Philip Flynn, then President of the Irish Agricultural Wholesale Society Ltd., organized the signing of the cover of the final Good Friday agreement by all the important participants whose original was sold at a charity auction. This central event in Ireland`s modern history is inevitably interesting for collectors. The negotiation process has caused a lot of red tape. Whytes` auctioneers had announced that today`s sale “History, Literature and Collectibles” would include “the initial, official and final good Friday agreement proposal that was presented to both of the talks.” The document was also signed by U.S. Senator George Mitchell, who played a historic role in mediating the agreement, with signatures collected by a member of the PUP delegation. And someone else showed up for sale. While the auctioneers of Molesworth Street are informed this afternoon that Lot 271 of the catalogue has indeed been removed, a new lot, No. 271 A, is a last minute supplement for sale. It is described as “a simultaneous copy of the good Friday agreement proposal, which was submitted for consideration by those present at the interviews.” In fact, it is a copy of the same memo, with many of the same signatures, including that of the then British Prime Minister, Tony Blair, and the Prime Minister at the time, Bertie Ahern. What about the estimate? Well, the same thing – 3,000- 5,000.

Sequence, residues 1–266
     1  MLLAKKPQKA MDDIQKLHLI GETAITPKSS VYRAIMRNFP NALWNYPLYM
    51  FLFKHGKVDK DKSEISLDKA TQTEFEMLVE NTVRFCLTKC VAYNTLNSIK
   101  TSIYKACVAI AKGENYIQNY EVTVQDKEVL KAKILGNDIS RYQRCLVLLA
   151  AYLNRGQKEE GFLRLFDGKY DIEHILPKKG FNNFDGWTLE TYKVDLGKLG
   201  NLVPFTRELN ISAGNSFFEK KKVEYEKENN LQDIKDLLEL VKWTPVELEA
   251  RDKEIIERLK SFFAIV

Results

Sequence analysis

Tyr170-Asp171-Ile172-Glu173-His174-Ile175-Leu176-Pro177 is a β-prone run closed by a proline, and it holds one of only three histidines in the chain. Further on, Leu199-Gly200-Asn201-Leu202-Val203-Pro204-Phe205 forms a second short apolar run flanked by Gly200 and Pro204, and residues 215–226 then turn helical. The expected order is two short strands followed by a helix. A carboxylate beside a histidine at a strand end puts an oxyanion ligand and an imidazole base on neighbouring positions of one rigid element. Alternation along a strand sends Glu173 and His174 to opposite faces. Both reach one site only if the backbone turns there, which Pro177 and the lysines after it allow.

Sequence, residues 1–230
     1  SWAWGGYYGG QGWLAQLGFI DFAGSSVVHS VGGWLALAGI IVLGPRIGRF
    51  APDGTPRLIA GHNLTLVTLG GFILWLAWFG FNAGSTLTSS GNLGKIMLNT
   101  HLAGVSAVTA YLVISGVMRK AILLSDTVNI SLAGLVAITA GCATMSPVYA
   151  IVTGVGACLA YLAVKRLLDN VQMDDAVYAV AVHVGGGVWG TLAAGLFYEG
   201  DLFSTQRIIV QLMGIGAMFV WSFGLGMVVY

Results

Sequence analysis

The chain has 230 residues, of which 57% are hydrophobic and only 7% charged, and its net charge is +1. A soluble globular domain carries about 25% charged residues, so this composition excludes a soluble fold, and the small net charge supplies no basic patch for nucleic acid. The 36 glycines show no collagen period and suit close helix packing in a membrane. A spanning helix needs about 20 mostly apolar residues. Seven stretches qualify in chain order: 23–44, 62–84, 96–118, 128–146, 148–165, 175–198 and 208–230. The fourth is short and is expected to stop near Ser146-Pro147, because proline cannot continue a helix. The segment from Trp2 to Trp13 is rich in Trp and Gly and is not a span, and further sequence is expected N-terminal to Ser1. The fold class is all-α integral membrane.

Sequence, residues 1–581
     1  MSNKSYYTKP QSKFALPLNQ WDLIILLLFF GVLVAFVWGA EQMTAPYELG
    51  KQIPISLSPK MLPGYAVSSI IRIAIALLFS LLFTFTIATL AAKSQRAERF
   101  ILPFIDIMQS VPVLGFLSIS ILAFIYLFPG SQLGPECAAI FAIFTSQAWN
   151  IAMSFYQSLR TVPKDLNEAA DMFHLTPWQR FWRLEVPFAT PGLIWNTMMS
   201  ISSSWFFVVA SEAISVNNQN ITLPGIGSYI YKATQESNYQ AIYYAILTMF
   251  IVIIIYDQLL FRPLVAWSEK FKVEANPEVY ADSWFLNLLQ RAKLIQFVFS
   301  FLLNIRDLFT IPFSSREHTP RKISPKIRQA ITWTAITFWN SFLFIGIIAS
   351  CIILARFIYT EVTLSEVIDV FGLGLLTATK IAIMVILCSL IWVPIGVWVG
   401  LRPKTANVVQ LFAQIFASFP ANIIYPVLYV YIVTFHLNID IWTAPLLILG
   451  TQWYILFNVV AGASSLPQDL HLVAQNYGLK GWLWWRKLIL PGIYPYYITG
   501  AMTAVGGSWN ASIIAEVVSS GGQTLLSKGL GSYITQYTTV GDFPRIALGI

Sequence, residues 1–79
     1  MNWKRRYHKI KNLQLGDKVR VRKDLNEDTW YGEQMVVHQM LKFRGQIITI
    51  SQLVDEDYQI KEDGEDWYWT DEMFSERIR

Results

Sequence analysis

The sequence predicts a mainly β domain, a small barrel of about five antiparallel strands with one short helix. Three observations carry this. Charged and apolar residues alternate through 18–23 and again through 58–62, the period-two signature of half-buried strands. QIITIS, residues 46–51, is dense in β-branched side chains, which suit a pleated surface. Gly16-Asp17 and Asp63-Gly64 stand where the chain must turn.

The seller of this copy, Whyte`s say, is an unnamed female “participant” who was present on the last day of the interviews. The document, an official copy of the final agreement that paved the way for peace in Northern Ireland, contains the signatures of George Mitchell, Harri Holkeri, Paul Murphy and John de Chastelain. The Irish Times then reported that the seller was David Andrews, the former foreign minister of Fianna Féil and participating in the discussions. He later removed the object and said he regretted his “error of judgment.” It goes without saying that Andrews had plans before being unveiled as a seller to donate the proceeds of the sale to two leading charities. Andrews was then the subject of bad comments on social media about the sale of a state document. It should be noted that the document was not the Belfast agreement. The document he offered Whyte was a copy of a memo that was given to participants in the last day`s interviews. He had asked other participants to sign the cover of the memo in remembrance of the occasion. And he was not alone. An unknown number of participants in this fateful morning`s interviews also asked each other to sign their copies. In the busy circumstances, many were interested in a request for the historical event.